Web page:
Chase Williamson

Beyond the Gates

It was the 80’s retro throwback feel that initially drew me to Beyond the Gates. Well that and Brea Grant, who I have been having a bit of video love affair with and is once again delightful. Beyond Brea Grant, Beyond the Gates also features famous scream queen Barbara Crampton in a different kind of role for her. Which is a refreshing change, it’s nice to see director Jackson Stewart placing her in the strange role of the video host. Though Beyond the Gates isn’t all roses, as it takes a while for the retro feel to start going and the film’s bare bones, low-budget quality of the film at times feels like it’s holding the film back.

Estranged brothers, John (Chase Williamson) and Gordon Hardesty (Graham Skipper) reunite to clean out their alcoholic fathers video store after his latest disappearance. Which has lasted so long that he’s thought dead. While cleaning out the shop, Gordon’s girlfriend Margot (Brea Grant) comes to visit and help. They break for the day and have an awkward run in with John’s friend Hank (Justin Welborn) while at the┬árestaurant, eventually leaving rather than get into a confrontation. While in bed that night Gordon refuses Margot’s advances as he feels awkward about having sex in his fathers bed. While turning the lights out to go to sleep Gordon finds the missing key to the office. Which he explores the next day with John, inside they find a VHS board game, Beyond the Gates. They take the game home and along with Margot start playing. The video host (Barbara Crampton) spurs on the players and the players realize that by completing the game they may find John and Gordon;s father. But fist they have to survive the game and move beyond the gates…

While the film was overall okay, I found a few aspects lacking. Mainly it was how bland and apathetic feel. From the bar confrontation, to the brothers discussions on the father, to killing people for keys for the board game. None of them feel conflicted or even bothered by events that are happening. They just all roll along with what’s happening. Which makes them feel a bit like sociopaths.

The other issue the game, which overall I really like as I’m a fan of the VHS games being introduced to them via Atmosfear by a close friend back in high school. So as far as a game goes Beyond the Gates looks fun, you know, other than it being supernatural and would likely get me killed. My issue is the lack of why with the game. It’s origins are never explored nor is the purpose that it’s suppose to serve. Other than a cryptic warning at the end of the film.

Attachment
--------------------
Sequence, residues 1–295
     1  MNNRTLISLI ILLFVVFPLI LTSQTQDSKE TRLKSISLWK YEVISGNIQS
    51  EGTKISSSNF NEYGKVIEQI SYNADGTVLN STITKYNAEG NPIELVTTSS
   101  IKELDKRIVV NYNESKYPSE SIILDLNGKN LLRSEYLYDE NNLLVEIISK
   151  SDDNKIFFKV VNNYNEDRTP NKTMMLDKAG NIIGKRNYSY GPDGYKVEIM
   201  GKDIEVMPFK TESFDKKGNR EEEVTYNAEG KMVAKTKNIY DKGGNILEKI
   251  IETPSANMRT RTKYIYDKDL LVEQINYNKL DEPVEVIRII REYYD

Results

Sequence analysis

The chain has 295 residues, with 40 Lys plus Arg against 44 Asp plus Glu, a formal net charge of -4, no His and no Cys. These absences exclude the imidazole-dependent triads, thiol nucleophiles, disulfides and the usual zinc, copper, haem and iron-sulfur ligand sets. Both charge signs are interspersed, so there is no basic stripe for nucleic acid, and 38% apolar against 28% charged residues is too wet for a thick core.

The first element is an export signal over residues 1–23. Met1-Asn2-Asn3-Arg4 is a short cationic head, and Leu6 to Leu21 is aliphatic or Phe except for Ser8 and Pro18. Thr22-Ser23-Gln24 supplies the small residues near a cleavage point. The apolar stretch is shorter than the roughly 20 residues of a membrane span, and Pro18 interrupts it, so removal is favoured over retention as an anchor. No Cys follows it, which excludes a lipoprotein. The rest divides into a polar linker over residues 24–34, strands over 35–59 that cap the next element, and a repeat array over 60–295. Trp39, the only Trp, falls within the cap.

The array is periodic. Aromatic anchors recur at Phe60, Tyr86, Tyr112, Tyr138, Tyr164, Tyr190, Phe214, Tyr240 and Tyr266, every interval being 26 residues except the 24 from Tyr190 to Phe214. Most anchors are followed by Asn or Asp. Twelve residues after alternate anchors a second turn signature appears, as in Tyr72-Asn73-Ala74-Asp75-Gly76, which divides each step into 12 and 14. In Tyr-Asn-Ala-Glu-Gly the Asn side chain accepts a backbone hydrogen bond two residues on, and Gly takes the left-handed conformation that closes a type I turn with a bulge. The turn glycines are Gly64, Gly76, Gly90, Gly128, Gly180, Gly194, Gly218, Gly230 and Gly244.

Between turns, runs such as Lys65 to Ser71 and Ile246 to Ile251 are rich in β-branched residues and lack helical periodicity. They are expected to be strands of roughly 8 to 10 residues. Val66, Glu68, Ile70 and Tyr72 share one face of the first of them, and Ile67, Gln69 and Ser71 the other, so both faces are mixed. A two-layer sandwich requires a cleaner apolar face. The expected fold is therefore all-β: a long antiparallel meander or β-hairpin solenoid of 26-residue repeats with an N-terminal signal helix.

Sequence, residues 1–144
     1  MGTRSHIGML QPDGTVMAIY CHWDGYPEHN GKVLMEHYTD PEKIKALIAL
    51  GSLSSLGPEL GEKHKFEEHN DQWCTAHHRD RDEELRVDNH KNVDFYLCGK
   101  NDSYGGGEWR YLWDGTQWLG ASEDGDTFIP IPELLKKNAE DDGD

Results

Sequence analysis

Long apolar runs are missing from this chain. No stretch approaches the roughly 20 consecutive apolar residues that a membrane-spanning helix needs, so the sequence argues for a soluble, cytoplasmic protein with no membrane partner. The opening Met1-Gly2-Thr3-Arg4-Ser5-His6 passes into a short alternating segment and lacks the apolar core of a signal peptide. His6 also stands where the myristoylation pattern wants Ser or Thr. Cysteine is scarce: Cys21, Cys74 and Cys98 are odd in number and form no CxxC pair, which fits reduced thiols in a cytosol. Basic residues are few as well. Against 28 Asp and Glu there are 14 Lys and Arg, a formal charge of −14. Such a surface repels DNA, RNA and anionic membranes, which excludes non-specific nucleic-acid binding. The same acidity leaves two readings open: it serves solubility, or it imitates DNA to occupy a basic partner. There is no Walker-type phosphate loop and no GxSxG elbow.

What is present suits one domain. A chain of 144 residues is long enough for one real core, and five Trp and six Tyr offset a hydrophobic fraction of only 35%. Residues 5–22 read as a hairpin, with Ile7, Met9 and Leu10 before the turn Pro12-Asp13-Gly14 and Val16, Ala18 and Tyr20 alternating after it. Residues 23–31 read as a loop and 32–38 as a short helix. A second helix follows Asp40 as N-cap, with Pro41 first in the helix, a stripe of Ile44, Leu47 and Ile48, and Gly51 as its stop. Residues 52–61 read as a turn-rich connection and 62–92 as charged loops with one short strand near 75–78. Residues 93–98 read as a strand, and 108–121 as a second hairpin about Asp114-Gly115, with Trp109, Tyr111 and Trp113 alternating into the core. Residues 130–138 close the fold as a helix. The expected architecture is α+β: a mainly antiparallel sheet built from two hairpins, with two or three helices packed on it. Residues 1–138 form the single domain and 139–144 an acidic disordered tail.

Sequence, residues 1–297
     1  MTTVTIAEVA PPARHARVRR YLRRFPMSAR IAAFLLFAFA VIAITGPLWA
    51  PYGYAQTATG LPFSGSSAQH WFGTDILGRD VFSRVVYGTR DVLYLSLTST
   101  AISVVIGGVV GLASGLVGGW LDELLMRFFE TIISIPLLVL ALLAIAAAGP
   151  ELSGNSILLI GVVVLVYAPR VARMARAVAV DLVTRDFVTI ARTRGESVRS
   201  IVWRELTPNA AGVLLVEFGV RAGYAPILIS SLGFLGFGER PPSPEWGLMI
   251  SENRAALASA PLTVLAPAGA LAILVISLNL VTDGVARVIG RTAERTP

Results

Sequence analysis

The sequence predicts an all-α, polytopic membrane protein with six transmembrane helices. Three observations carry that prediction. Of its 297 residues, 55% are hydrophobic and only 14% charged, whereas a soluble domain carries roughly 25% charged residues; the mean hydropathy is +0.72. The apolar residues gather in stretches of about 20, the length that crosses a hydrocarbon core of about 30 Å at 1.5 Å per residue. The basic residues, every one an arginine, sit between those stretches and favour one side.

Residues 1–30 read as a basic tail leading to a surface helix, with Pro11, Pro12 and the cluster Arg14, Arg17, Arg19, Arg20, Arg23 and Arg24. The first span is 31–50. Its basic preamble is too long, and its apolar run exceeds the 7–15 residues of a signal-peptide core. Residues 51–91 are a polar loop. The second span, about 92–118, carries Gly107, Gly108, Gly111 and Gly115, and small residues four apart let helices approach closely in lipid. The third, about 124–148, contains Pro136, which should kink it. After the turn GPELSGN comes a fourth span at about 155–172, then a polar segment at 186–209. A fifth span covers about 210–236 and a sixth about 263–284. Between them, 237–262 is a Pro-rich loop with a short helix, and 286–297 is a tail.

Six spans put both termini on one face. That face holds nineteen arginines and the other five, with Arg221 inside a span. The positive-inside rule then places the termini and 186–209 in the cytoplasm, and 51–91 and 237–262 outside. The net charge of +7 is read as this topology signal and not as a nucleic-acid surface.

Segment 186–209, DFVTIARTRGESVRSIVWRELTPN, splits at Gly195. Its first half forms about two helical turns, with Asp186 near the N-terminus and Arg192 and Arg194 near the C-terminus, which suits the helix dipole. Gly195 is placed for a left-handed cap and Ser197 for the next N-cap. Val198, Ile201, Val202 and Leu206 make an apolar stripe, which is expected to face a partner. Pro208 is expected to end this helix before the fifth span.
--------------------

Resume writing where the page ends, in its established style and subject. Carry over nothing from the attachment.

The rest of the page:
I love the visuals in the film, the neon pinks and blues give a great atmosphere. One that’s as memorable as it is engaging. It was these moments that I found to be the most interesting, both for looks as well as tone. These visual elements are perfectly paired with the synthesizer music. Which is without a doubt is my favorite element of the film. I just with that it had been used more.

Final thoughts, it’s okay. Bland at times, but visually rich at others. The characters are hard to relate to due the emotional vacancy they possess. A lot of the films themes, family, alcoholism, among others is often touched on but never truly explored. Sadly to the films determent. If you’re looking for a terrifying horror film, I wouldn’t recommend Beyond the Gates. But if you’re looking for a low budget horror film with elements of an 80’s throwback then you might just enjoy this film. 6/10

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John Dies at the End

JohnDiesEndBigyellowFinaltheatv1aJohn Dies at the End is a 2o12 Dark Comedy/Sci-Fi/Horror film written and directed by horror icon Don Coscarelli.  Based on a web series turned novel by David Wong (pen name of Jason Pargin), Coscarelli acquired the rights in 2007 with principle filming starting in 2010. This film has a lot going for it, which is unsurprising due to the heavy involvement of both Coscarelli and Paul Giamatti.